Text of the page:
By now, most everyone knows that October is Breast Cancer Awareness Month. It’s hard to miss, what with pink-ribbon events at every turn. But while promoting awareness is critical—for early detection, for education, for fundraising—what if you could help cure breast cancer yourself?
That’s the ambitious goal behind a pioneering new research initiative launched by breast cancer expert Susan Love, M.D. The Health of Women (HOW) study is a massive, crowdsourced platform that invites participants to ask their own questions about breast cancer, its causes, and its consequences.
“It’s an opportunity for people to get involved in research, not just walking and running and wearing pink,” says Love, whose research foundation is conducting the study with the Beckman Research Institute at City of Hope near Los Angeles. The main purpose of the project is to track the health of tens or even hundreds of thousands of women over as many as 20 years, to try to find hidden patterns that may help explain what causes breast cancer, and why some women survive even when medical science says they shouldn’t.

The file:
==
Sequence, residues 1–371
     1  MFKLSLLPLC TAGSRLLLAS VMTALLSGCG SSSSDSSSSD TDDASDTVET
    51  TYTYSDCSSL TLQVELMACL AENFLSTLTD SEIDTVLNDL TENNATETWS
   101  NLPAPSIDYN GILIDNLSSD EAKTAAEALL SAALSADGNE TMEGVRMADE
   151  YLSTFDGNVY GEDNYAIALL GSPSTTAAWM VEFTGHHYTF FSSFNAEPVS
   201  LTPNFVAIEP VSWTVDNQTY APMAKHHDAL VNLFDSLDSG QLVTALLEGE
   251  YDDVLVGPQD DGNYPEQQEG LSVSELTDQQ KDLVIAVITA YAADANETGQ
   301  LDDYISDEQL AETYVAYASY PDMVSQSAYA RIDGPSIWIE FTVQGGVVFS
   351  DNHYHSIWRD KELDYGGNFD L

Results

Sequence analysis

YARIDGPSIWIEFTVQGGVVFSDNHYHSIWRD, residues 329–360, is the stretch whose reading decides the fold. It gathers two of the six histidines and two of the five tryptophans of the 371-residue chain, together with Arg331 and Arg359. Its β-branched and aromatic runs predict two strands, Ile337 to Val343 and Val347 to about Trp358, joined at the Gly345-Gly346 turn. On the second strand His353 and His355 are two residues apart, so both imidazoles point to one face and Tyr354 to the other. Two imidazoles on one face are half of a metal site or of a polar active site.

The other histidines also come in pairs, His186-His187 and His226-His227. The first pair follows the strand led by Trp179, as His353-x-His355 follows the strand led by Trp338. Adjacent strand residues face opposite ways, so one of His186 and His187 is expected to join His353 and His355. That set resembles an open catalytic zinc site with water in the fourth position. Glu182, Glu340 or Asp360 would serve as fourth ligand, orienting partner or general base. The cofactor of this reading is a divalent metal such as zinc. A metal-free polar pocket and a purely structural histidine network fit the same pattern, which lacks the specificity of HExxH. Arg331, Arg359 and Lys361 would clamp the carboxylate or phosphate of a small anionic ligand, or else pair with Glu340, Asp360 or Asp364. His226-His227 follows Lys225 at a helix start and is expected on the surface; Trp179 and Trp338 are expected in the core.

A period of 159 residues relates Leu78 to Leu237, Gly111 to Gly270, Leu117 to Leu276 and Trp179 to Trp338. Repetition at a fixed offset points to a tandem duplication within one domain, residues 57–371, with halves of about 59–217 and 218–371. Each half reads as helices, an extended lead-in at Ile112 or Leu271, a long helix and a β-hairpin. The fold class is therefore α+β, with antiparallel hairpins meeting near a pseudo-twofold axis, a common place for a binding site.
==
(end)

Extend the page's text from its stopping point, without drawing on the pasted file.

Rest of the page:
“These kinds of observations are sometimes better coming from people who are not scientists, who aren’t stuck in the same way of thinking about things,” Love says. “By crowdsourcing the questions, we’ll be able to come up with some new clues.”
Conducted entirely online, the HOW study is open to any adult—men as well as women, those who have had breast cancer and those who haven’t. Three or four times a year, participants will get a questionnaire about aspects of their health, job, diet, lifestyle, and family history. They’ll also be able to submit questions for the researchers to put to the group. Nearly 50,000 people have already signed up, 10,000 of them breast cancer survivors.
Love also hopes to cast a light on the “collateral damage” of breast cancer treatment—something the medical profession too often dismisses. (“Hey you survived, didn’t you?” she says wryly, in a nod to the typical establishment view.) For that effort, Love’s foundation has teamed up with two other leading breast cancer groups, Susan G. Komen and Young Survival Coalition.
The collaboration of three heavyweights “is a game changer for the breast cancer world,” says Young Survival CEO Jennifer Merschdorf. Yes, it has the potential to revolutionize research, but it also represents another great leap forward: organizations in the sometimes fractious world of breast cancer all working together. “It shows that in breast cancer we don’t all have to agree on everything,” Love says, “but we can collaborate on projects that really push things forward.”
To learn more about the Health of Women study, or to sign up, visit questionthecure.com.